195 days without yelling, 170 days of loving more to go!
The following happened to me last week. It was a beautifully heartbreaking moment that I will never forget because of the truth it spoke.
Every morning that the weather cooperates, I strap one child on my back, buckle two in the stroller, and then hold the hand of the 4th and walk to town for my morning caffeine. We go to the same place, the place where everyone knows our names. Knows our order. Knows that I need help holding the door open so that I can maneuver myself and the stroller in. Knows that by the time I arrive my kids are ready for a morning snack and are cranky and sometimes crying after 25 minutes of being captive to my morning walk, the walk I need to feel good about myself, the walk I need to feel refreshed, alive. The walk I need to make it through the day. The walk I need in order to feel pulled together even if I am feeling anything but.
Well today, today the boys had to wait for their snack. The people who knew us didn’t open the door. And I didn’t get my normal order.
Because there was a stranger in need. A stranger feeling anything but refreshed and pulled together. And we all helped her.
As I approached the bagel store, my four boys in tow, I saw a most beautifully striking woman standing in front. She wore the most gorgeous black suit – gorgeous in style, gorgeous in how it fit her. Her hair was pulled back flawlessly and as I later learned her make up too had once been perfect. But yet this beautiful soul felt anything but beautiful at that moment.
She stood in front of the door, her petite well manicured hands covering her face, clearly trying not to hide tears, clearly trying to stop the tears, stop the pain from being real.
My caffeine would wait. My kids could wait. And somehow, they knew they needed to wait. And not just wait, but patiently and quietly wait. This beautiful yet sad woman tugged at my heart – because how often do we all feel that?
So pulled together yet so unraveled at the same time?
I had to help her because in a way, she was me. I have been there. I have been the one wanting to cry, to bawl, but having to keep it together instead. I have been the one crying in public, wanting help, and having no one reach out. I have felt sad and alone and I would not let this woman feel that this morning. Because I have been there. And it hurts, really, really hurts.
“Hi. Are you okay?” I asked.
“No.” Tears started falling down her face, her perfect mascara now running.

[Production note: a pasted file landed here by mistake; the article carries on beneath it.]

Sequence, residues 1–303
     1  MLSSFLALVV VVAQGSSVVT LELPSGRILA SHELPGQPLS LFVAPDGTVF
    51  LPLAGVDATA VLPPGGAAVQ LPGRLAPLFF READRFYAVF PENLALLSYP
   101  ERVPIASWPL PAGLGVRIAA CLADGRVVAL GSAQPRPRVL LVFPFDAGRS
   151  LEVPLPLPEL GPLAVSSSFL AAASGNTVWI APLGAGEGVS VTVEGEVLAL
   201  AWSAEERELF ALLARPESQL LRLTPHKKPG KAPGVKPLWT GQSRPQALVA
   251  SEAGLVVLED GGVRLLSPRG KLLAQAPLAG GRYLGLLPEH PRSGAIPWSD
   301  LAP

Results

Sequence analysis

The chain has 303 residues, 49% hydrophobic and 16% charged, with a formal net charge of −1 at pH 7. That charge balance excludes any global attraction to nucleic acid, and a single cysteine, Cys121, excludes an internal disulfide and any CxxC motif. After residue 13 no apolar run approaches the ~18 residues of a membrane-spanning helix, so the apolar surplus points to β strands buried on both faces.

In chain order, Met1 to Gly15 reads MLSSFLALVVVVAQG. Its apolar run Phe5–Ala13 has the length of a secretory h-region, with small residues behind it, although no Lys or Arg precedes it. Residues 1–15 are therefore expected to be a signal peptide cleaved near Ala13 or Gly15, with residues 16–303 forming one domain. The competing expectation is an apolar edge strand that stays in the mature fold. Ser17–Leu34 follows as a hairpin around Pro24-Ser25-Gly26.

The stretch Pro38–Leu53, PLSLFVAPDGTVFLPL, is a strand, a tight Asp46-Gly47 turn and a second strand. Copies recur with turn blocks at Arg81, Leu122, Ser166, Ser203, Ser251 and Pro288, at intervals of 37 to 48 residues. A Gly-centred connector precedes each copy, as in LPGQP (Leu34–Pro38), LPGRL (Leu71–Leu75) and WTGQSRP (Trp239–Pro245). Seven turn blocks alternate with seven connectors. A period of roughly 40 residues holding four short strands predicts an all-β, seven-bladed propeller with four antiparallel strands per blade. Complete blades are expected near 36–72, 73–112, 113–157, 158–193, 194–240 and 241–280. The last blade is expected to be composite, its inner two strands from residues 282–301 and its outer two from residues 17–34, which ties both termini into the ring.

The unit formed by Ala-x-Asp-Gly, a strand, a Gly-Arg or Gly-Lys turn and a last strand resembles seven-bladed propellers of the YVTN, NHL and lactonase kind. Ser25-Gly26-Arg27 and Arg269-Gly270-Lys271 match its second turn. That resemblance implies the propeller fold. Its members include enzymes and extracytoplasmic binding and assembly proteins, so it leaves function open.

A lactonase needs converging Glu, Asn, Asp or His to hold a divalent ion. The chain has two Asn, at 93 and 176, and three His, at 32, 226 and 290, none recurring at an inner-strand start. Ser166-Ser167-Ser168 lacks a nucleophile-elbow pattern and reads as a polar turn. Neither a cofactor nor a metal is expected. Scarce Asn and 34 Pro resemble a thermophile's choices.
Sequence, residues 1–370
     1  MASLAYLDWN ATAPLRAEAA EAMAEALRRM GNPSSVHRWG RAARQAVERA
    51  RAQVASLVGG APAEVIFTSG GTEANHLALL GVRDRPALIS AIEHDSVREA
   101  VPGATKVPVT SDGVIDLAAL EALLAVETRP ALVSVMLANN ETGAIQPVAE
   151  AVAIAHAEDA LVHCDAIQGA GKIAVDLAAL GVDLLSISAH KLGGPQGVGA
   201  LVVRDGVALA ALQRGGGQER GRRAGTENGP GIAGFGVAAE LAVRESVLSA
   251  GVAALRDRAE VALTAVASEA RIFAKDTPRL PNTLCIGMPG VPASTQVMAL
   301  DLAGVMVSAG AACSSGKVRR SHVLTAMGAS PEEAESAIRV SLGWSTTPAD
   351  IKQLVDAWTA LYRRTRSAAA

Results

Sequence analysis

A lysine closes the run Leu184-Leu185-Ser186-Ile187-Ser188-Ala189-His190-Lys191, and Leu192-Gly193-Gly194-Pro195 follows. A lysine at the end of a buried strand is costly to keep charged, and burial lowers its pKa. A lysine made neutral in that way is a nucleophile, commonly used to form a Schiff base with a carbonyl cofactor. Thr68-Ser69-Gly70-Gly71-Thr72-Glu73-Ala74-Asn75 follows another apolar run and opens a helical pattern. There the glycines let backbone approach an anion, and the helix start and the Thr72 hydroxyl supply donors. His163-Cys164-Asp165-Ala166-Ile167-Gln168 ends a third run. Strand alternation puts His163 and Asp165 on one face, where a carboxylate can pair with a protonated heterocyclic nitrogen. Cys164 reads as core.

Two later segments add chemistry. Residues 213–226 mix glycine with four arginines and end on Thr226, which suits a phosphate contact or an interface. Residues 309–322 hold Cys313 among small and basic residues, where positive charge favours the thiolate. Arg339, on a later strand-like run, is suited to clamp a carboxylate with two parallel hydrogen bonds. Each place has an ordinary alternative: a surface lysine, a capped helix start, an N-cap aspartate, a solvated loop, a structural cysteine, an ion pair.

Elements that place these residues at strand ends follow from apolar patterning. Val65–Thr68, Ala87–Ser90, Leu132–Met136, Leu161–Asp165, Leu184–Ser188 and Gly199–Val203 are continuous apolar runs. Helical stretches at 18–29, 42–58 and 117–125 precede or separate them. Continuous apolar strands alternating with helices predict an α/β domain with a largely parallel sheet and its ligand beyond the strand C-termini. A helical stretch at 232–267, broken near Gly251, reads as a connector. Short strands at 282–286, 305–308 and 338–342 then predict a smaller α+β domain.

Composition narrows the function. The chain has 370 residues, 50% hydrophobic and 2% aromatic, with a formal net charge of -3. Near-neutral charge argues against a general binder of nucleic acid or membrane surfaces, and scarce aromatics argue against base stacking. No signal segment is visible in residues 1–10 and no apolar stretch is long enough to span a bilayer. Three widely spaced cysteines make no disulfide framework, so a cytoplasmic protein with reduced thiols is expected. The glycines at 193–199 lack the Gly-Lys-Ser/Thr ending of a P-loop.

“What can I do? Can I get you a seat? A tissue?”
The boys sat quietly. Listening. Watching.
“No. I just need a friend.”
I just need a friend.
I just need a friend.
Oh these words how they broke my heart. I wanted to hug her and tell her that she is not alone, that it will be alright, that she can call me whenever. I wanted to sit down and let her talk for as long as she needed. I wanted to be there for her because gosh, how often as a mom, as a person, do I feel that?
That I just need a friend.
I don’t need judgement, or advice, or anything else, I just need a friend. A friend to let me cry, a friend to listen, a friend who when my tears are done, will tell me it will be okay and I know that it will be because just having talked will have made me feel better.
I wanted to be that friend for her at that moment but knew my clock with my kids was ticking. I knew the minute she opened up that my boys would get antsy and she would be cut off. And I did NOT want that for this person.
So I did my best.
“Oh my. I am so sorry you are having a rough morning. Did you have coffee? Let me buy you a coffee?”
“Oh, I tried to get coffee but I couldn’t even go in.”
“WE will get it for you. What do you want?”
My boys and I went into the store and ordered our new friend a latte and a croissant because #1 thought it would make her smile. And he wanted her to smile. Because she was very sad he said.
We came out to find our new friend hugging an old friend. I was so relieved that she had found what she needed at that moment. She graciously accepted her coffee and croissant and we graciously denied her attempts to pay us back. We wished her well and walked on our way, my boys asking if she would be alright? Why was she sad? Did she need a hug? Did she need her mommy?
A few steps later we were over the train platform and looking down.
There stood our new friend, wiping away her tears. The boys called to her.
She looked up.
“Blow her a kiss boys, she needs to feel loved.” I said.
And they did. Three kisses were sent her way. And she caught them. And blew a kiss and a smile back.
The next morning the weather cooperated and we walked to town again, as usual. The entire walk the boys asked about “the lady” wondering if we would see her, if she would still be sad.
We did see her. The timing couldn’t have been more perfect, almost as if it was meant to be, as we were running late and yet we literally met her at the door as she was walking in. She smiled a shy smile, almost an embarrassed smile. The boys said hi and asked if she was feeling better. She said yes and then quietly ordered her latte.
Then she said the following to the man behind the counter:
“I’m so sorry for yesterday. There is just a lot of stress in my life. I was just having a rough morning.”
Today I didn’t want to tell her it would be okay. I wanted to tell her,
DO NOT apologize for crying. Do not apologize for not being all buttoned up for a few moments. It is OKAY to let go and let the stress out. It’s OKAY.
Hmmm…perhaps I should heed my own advice?